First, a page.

I have no financial advice for the woman in North Carolina, but I have some practical advice, having lived poor nearly all of my adult life. First, the amount of money you have in savings won’t be enough to give you any maneuverability, so in a real pinch it won’t do you much good in monetary form. Beyond a month’s rent above your cash flow to give you a backstop and a small emergency fund, I’d suggest three actions to backstop your situation. 1) Invest in some good, durable clothing of the kind you would use for the work you will be seeking; no huge amount but a couple of changes of duds over and above what you use every day. Good shoes you can actually walk and be productive in. Cash may not be there later when you will need these things to stay in the job market. 2) Buy a bicycle and know how to get around on it. Leave the cash vampire parked as much as possible and do your personal activities self-mobile. Saves money, and exercise is the best anti-depressent known to humanity. 3) If you have a low cost laptop, well and good; if not get one (few hundred bucks, really), with a wireless connection. Know where you can get free wifi, at a library or a coffeeshop: That will be you contact with job listings and resources, especially if you are limiting your car travel. 4) If you have a medical condition, lay in a supply buffer of what you need over and above your normal consumption. In addition, find our where your public health authorities are in your area, and how to access their services in a pinch. This is not pleasant, and you may not need it, but if you do being behind the curve can be extremely expensive and directly threatening to your well being.

    If you do not have enough cash for those four things, consider selling some things you have to raise cash for that minimum resource base, which will serve you no matter where you are living. Start by selling your TV, and liquidate some of those DVDs and etc. until you have the scratch to be adequately capitalized for a stint as a marginal citizen.

    And love, I hope you’re not voting Republican? The other folks are kinda feckless, but if you’re voting Republican there’s no advice in the world that will do you any good ’cause you haven’t got the sense to save yerself. Bye now, and best of luck.

  2. dd

    Looks like Treasury guaranteeing money market mutual funds:
    Treasury Announces Guaranty Program for Money Market Funds
    The U.S. Treasury Department today announced the establishment of a temporary guaranty program for the U.S. money market mutual fund industry. For the next year, the U.S. Treasury will insure the holdings of any publicly offered eligible money market mutual fund – both retail and institutional – that pays a fee to participate in the program.

  3. Anonymous

    September 19, 2008

    The continuing saga of the “Hank and Earl” show:

    Dear Hank:

    You and Ben have speeded up your regulation hand wavings to such a degree that it’s hard for the little guy, average American, aka “Collateral Damage” to keep up. Your master stroke of yesterday making “good will” useable as prime collateral in meeting bank reserve regulations had me up all night thinking about a parallel “hand waving” that you and Ben could do for us down here on Main Street America. All you have to do is monetize the family photo album, and don’t worry we’ll just make copies just like you and Ben are doing with the dollar. Geez Louise, your presses must be smoking by now.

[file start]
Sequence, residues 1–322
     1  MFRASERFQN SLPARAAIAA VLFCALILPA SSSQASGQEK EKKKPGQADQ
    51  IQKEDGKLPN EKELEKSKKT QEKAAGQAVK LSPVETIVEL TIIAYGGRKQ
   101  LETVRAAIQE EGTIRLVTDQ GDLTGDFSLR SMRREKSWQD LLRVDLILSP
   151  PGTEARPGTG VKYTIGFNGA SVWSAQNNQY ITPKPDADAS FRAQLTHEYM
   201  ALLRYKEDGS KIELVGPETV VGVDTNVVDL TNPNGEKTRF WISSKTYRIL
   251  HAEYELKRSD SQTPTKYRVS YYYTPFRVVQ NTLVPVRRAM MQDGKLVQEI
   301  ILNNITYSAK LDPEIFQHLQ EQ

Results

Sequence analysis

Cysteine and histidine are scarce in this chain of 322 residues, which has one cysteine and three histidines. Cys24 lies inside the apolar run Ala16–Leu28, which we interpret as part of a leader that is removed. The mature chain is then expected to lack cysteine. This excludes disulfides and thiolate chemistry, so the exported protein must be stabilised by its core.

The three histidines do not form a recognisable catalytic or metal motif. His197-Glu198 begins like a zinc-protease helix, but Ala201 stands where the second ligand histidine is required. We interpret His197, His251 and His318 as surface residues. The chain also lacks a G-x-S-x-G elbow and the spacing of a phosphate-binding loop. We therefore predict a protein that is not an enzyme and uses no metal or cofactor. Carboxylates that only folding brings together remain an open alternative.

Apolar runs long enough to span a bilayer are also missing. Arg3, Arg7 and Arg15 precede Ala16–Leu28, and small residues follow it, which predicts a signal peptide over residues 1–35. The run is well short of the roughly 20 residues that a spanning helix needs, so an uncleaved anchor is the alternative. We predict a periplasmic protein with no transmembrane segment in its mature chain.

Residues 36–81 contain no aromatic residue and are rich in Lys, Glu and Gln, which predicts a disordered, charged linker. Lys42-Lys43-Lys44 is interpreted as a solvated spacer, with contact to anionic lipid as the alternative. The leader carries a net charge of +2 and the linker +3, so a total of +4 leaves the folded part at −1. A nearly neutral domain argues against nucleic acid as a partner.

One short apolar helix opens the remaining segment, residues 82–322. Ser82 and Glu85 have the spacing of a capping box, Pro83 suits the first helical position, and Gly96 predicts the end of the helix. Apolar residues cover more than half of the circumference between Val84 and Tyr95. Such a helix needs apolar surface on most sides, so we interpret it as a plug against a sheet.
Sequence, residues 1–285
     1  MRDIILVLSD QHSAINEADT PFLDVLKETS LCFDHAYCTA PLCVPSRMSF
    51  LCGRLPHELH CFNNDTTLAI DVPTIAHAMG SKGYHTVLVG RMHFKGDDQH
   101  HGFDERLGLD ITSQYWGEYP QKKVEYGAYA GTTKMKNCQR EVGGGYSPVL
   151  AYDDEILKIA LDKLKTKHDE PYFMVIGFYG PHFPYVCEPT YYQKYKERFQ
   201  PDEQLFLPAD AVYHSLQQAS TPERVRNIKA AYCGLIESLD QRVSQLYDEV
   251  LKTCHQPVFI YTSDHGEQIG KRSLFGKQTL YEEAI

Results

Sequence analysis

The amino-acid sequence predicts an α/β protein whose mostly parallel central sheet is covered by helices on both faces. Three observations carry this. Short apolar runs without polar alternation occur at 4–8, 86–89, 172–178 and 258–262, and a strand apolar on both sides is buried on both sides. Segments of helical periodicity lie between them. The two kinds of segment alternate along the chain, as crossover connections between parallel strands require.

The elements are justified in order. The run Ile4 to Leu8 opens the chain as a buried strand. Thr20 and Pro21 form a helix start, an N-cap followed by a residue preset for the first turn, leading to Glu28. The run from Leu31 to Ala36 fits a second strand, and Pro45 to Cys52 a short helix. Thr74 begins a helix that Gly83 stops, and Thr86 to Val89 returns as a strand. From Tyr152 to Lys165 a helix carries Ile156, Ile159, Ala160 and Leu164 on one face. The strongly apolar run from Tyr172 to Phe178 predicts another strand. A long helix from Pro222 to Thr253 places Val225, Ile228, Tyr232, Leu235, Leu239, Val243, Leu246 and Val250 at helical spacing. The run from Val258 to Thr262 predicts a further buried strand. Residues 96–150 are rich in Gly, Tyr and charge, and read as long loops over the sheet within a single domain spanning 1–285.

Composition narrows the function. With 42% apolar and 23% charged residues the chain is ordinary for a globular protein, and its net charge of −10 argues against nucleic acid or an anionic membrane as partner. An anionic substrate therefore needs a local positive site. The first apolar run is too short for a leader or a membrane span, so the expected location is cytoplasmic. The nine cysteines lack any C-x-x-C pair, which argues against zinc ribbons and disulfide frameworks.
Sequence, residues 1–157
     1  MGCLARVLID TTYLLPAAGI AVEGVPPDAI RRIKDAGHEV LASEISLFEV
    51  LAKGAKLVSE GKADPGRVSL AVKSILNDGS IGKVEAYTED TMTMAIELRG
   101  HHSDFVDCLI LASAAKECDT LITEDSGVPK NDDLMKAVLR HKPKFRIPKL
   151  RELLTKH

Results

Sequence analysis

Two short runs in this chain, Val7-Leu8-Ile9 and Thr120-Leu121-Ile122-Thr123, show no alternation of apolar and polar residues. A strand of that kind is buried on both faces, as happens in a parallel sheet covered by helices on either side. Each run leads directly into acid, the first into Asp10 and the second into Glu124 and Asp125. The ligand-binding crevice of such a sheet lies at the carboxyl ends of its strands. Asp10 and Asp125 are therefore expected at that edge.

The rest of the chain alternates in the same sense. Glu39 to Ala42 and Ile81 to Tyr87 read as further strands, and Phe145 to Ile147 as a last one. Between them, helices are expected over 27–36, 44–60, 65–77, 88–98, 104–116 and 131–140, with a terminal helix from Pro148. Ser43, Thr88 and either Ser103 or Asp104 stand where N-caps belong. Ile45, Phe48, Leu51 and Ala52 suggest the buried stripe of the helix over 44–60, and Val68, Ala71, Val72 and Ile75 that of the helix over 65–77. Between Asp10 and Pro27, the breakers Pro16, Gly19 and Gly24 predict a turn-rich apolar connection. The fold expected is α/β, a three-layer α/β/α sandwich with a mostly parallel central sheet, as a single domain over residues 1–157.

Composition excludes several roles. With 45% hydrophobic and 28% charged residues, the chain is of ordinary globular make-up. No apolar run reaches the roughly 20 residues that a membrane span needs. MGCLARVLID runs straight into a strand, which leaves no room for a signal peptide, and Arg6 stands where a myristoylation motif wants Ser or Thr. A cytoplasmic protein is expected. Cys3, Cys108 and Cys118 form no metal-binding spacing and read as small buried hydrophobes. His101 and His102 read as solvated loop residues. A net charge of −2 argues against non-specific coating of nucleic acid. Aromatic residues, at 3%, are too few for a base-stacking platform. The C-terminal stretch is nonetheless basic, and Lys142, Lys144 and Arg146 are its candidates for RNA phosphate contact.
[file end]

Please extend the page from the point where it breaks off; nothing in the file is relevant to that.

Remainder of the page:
I would suggest that you make B&W snapshots $1.00, color $5.00, on up the scale to framed 8 1/2x 11 at $10,000. I’m feeling rich already, just like you and Ben must be feeling on the global scale. The term omnipotent comes to mind.

    Please remember that all you have to do is to “say” it, not write anything, much less have that messy bunch of Dems. and Rep. down in that thing called Congress pass anything. When are they ever going to grow up and realize that we now have a country of men not laws? What a drag.

    OK Hank, and again, I do hope you remember that we’re in this thing together.

    Your buddy (hope I’m not overstating the case),

    Santa Cruz, CA

  4. dr q

    That hurt me to read that woman’s story. I have two more pieces of advice. If you have medical needs a) be 100% open with your physician about your financial situation. We won’t screw you. At least I wouldn’t, and the majority of my colleagues wouldn’t either. Institutions like hospitals are a different story, but surprisingly richer hospitals are often more flexible since they have more paying customers and a bit more institutional guilt. You should be able to get some free samples and your doc should be able to pick generics that provide 80 if not 100% of the benefits.
    2. Join Costco, their pharmacy has the absolute lowest prices on generics. Other places are grossly overpriced.

  5. Anonymous

    September 19, 2008

    PS to Hank from Earl:

    Hope you caught my ending post (3 of 3) installments of the first episode of the “Hank & Earl” show. It can be found near the bottom of the blog article below. The key element is my plan to knock over my local branch of the “Shadow Banking System”, and no I still haven’t been able to find it, buy hey, Hank and Ben still haven’t found the World Headquarters” yet either.

    Fed Ponders Provides $85 Billion Rescue for AIG (U…

Comments are closed.